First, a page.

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What Can I Change About Myself Today?

By Pete Kovac June 20, 2018 by Reveal


Sometimes we all need to take a break, look ourselves in the mirror and ask the difficult questions. Questions such as: “What can I change about myself today?” or “How can I be a better parent, mentor, friend, or colleague?”. Sometimes we know exactly what we are doing wrong but are afraid of change. It’s so much easier to keep walking past that mirror than to stop and really look deep into ourselves and want to change for the better.

A supply chain is no different when it comes to change. Those same difficult questions can be asked, but most organizations choose to walk past the mirror. As in life, the constant need for change is there. Your supply chain can always improve for the better. We have all been there, knowing that a process is broken but are too afraid of what may happen if we start to change it. We realize that with one change we’re not only changing the way we’ll interact with materials at a micro level–but that you’re about to change, or disrupt, an entire network of people that are intimately involved with those same materials. Make a change in the material master, and it will have effects on procurement, the warehouse, shipping, finance and your customer. Are you ready to do that…? Great! Can you do that alone in a silo sitting in an office or cubical…? No, you can’t.

So, how does one deal with these needs for change? In today’s world of swiping left, instant gratification with likes, and hashtags that go viral in minutes; we need to go back to the core principles. These principles are not new, they have been around since man could walk on two feet. We’ve just gotten extremely far away from them to even remember what they are.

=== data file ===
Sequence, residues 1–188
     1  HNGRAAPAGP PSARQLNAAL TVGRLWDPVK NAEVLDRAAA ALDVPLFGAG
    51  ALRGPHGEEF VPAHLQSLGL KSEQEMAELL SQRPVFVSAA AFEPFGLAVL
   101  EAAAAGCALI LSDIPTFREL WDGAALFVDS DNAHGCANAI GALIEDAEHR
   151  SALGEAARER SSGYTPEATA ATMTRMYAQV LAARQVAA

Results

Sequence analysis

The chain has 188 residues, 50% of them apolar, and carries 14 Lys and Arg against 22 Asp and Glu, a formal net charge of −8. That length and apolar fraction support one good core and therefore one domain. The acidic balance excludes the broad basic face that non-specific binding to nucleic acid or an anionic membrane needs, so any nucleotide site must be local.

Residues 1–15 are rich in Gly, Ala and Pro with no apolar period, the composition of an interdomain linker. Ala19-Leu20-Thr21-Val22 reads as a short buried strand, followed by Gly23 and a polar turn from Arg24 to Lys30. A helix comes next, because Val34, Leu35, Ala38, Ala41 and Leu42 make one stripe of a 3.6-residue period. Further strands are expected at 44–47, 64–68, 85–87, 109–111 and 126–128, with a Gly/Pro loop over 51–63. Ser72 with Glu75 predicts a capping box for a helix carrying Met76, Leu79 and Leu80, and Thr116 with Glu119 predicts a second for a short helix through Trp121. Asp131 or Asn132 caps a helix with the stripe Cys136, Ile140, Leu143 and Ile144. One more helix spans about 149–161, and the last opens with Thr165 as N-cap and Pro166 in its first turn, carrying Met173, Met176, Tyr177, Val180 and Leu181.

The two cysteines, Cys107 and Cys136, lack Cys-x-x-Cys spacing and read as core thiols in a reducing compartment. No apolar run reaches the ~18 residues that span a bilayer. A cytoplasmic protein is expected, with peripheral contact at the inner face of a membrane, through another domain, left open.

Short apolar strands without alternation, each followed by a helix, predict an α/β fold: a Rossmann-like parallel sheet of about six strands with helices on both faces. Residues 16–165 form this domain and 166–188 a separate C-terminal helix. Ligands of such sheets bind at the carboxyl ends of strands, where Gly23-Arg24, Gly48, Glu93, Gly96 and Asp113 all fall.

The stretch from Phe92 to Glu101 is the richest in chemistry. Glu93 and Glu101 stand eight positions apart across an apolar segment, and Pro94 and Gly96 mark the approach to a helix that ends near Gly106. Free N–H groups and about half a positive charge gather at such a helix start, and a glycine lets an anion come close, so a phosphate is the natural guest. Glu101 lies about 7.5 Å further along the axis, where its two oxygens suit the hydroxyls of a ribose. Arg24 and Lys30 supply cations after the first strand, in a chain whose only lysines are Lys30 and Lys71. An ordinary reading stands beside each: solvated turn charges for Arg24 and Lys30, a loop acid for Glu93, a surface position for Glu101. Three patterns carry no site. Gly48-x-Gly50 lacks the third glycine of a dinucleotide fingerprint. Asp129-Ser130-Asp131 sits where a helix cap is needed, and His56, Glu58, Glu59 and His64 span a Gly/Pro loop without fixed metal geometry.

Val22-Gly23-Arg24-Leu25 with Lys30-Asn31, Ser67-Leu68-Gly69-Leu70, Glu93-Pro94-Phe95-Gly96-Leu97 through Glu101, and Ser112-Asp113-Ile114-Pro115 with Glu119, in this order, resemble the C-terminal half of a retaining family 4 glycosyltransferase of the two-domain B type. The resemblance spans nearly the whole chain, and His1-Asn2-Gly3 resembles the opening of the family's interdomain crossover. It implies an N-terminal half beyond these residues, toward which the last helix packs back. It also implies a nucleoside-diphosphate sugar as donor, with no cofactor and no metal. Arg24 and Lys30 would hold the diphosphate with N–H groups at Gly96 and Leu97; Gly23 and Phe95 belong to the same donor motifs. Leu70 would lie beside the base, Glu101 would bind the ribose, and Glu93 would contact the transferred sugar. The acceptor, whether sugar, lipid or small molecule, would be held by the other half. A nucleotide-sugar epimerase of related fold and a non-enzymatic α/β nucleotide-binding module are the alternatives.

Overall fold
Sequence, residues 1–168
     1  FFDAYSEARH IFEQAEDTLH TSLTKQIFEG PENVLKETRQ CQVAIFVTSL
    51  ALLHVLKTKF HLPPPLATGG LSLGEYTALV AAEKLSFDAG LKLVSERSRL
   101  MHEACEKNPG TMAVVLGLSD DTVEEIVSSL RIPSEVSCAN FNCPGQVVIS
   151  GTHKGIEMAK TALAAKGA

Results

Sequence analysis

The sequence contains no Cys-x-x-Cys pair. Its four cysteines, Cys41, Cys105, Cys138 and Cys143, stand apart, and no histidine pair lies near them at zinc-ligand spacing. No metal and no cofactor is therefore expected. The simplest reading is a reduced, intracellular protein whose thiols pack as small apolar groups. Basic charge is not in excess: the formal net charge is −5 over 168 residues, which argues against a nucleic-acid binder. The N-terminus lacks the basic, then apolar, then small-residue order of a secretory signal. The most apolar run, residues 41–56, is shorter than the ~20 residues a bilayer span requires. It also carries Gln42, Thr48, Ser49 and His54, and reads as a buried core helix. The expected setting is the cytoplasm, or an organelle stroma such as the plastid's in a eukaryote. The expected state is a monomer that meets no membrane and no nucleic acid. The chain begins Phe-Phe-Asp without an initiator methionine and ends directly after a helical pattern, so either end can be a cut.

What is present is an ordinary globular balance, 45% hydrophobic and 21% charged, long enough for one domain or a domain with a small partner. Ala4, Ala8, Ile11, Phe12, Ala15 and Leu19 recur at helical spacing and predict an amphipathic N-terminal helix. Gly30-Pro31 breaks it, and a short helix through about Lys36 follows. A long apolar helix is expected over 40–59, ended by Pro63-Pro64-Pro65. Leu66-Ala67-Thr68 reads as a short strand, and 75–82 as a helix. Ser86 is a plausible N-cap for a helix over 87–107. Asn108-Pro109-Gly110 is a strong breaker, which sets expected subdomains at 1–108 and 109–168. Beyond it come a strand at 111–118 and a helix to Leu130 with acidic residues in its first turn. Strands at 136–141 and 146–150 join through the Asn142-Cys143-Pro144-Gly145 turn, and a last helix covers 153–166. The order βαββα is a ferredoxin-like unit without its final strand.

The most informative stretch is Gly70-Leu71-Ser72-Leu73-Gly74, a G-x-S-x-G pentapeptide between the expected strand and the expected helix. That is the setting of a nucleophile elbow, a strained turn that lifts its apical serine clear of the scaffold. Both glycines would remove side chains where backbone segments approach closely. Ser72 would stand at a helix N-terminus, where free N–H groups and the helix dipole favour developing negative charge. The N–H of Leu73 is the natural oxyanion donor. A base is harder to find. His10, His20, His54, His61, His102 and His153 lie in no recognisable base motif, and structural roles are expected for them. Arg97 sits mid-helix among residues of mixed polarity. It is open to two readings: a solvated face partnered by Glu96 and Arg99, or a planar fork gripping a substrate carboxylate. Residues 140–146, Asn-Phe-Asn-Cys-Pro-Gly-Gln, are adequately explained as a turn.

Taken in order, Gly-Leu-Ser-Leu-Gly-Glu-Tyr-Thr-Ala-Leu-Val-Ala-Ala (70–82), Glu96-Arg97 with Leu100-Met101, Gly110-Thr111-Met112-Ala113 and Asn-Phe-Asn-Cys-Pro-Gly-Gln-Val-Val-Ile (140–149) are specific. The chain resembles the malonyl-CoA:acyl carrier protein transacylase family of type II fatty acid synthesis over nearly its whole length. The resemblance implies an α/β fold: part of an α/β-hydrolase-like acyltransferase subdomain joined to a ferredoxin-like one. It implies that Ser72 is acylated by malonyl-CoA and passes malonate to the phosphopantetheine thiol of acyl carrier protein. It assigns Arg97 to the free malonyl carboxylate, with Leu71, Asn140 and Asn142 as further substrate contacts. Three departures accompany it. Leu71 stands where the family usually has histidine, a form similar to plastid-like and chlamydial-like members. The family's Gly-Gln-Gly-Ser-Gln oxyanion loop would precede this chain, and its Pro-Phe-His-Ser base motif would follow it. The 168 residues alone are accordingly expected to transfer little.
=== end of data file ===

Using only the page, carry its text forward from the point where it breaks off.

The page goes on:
The Three Core Principles Are: People, Processes, and Technology


Yes, people – the person that sits on the 2nd floor in procurement, the people that work in the warehouse at 90+ degrees in the burning summer heat, the management that fight fires daily. These are the individuals that need to come back to using conversations and not emails for communication. Imagine if you shared your thoughts around a business process; let’s take the warehouse for example. Every day you get a pick list, one delivery may take your team hours to complete. You know exactly what needs to be done on the material master to take control and fix it. But every time you bring up the topic, IT says, “No, you don’t need to own/change the material master settings at this time. Put in a ticket and we’ll do it for you.” Nine times out of ten this conversation ends on both sides walking away without accomplishing anything. What if we turned that upside down? What if we had IT management onsite in the warehouse at 90+ degrees seeing the process that’s broken? Seeing the problem first hand through someone else’s eyes, understanding why they are asking for ownership could create a catalyst for change. They would realize immediately that having access to master data would allow them to self-help their picking strategies on the fly as material consumption starts to change. “Bill”, driving the forklift, would be 20%-30% more efficient at work and may actually go home on time to his family. All this is achievable with open communication between people. We are not all email addresses and inboxes within the same organization.